"Its origins began in Persia. When someone disappeared or was thought to have been killed by animals: most specifically tigers, and they couldn't find him or his remains, they blamed it on the Manticore. It was supposed to have the body of a lion, sometimes the head of a beautiful woman, long dragon wings and a tail with poisonous barbs on it. My favorite story about it is rooted in British history. During the Victorian age, where there were a lot of uprisings against the British occupation of the Indian provinces, it became a symbol. Like America is pictured as an eagle or Russia is pictured as the great bear, Great Britain was always pictured as a rampant lion standing up on its heels. People opposed to Queen Victoria satirized her as being the Manticore with her head on the beast's body. Great Britain was looked at as this big poisonous beast out to pillage their lands and the female face was hers - which was quite a slur back in the day."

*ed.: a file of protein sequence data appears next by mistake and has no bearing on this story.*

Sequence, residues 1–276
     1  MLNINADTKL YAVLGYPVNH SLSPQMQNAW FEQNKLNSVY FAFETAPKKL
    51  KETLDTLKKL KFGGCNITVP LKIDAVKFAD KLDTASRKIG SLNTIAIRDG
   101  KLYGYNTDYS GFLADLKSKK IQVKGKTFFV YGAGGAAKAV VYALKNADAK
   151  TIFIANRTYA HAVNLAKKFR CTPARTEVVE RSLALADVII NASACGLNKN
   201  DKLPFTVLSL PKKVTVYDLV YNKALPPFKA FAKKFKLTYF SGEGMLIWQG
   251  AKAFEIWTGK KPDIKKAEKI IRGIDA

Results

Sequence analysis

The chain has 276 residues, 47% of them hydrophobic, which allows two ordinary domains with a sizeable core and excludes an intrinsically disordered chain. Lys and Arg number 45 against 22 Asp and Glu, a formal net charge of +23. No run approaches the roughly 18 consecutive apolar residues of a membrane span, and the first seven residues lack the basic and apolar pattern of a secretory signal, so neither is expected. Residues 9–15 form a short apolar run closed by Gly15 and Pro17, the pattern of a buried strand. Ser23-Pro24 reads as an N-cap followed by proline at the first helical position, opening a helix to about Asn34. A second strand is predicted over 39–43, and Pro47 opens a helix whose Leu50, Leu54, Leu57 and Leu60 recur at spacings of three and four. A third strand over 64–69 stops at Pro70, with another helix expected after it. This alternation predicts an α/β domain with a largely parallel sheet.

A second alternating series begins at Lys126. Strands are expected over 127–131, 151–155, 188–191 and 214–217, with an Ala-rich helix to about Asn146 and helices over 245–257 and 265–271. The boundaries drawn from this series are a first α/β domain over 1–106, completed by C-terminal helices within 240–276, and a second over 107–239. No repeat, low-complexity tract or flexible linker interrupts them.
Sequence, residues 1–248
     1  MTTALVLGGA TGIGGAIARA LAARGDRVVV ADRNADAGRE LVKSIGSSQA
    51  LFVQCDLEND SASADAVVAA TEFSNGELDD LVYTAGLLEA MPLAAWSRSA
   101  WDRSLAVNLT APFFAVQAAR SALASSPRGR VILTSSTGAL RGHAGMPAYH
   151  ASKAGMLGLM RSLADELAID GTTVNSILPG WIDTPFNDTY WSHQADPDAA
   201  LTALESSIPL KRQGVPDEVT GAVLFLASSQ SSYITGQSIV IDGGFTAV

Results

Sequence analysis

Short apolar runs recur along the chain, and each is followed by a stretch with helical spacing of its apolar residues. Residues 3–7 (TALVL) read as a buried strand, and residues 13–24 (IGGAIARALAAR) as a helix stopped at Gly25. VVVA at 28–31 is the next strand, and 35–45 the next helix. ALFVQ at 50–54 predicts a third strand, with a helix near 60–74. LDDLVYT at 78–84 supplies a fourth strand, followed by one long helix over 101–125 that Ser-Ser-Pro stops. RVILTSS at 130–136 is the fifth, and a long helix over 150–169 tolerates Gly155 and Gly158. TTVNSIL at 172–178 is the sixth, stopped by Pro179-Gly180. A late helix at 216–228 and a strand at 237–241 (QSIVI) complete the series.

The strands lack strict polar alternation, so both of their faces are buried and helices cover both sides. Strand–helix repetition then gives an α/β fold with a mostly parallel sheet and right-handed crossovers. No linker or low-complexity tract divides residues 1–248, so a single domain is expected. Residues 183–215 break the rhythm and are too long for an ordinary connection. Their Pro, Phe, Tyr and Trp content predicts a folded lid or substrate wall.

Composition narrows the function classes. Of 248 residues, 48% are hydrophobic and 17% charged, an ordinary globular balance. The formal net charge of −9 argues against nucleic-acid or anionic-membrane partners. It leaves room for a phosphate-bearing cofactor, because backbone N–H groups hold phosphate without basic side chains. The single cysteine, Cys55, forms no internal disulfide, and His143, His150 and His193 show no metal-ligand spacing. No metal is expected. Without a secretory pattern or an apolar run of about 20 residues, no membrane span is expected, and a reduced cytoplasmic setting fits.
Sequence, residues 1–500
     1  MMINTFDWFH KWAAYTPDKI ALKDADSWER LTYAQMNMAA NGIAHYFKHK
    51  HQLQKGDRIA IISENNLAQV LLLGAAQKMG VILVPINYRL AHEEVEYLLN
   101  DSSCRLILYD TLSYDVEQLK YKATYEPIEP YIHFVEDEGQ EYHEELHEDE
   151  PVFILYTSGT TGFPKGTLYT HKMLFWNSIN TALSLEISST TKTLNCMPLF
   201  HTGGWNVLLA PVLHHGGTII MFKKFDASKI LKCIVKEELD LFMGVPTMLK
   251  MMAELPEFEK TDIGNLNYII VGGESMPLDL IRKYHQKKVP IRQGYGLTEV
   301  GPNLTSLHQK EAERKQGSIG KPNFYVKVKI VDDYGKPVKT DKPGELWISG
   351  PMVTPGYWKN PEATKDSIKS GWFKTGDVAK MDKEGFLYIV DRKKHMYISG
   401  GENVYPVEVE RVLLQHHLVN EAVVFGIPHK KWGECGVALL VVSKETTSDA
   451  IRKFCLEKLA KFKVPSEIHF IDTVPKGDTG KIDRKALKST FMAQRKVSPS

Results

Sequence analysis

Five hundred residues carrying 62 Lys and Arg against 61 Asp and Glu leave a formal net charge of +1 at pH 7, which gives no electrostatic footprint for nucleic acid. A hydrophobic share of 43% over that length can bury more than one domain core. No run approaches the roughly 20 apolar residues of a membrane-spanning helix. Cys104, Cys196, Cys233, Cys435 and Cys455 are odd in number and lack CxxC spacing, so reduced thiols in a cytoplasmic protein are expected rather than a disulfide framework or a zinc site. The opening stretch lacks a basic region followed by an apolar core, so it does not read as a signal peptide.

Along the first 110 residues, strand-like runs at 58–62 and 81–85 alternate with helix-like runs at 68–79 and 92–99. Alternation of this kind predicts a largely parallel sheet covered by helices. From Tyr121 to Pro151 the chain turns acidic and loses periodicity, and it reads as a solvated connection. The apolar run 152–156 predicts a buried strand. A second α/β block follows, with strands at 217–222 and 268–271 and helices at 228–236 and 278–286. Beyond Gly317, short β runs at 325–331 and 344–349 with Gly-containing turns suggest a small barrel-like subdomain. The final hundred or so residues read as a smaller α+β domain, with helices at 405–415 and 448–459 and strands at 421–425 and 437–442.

The Loch Ness Monster
"That's our local monster. You've got King Kong. Japan's got bloody Godzilla – actually, they've got millions of monsters. King Ghidora, that other flying beast...You get trolls in Norway. A lot of people still believe that there is this big fish that lives under this Loch and this Loch runs all the way out to the ocean. That for millions of years there has been this species of dinosaur, like a Plesiosaur, that has lived there. It's very improbable but people do claim to see him from time to time. It's a cool thing: another waterborne hideous, monster. Quite endearing really. Just don't watch that dreadful film with kids in it. (The Ballad of Nessie -2011)"
"They originated from Scandinavian mythology: Trolls or Frost Giants, all these things that Thor and his gang of Asgardians ended up fighting. They've always been renown for living in forests and valleys in Norway and Finland. Some of them are quite nasty. When I go to Norway, I see a lot of them carved into the trees – like scarecrows. They're pretty keen on them there. In Finland, they have this cartoon called The Moomins about a Troll family. At one point, [HIM frontman] Ville Valo was supposed to voice one of the Moomins in a film. I don't know if he got the role."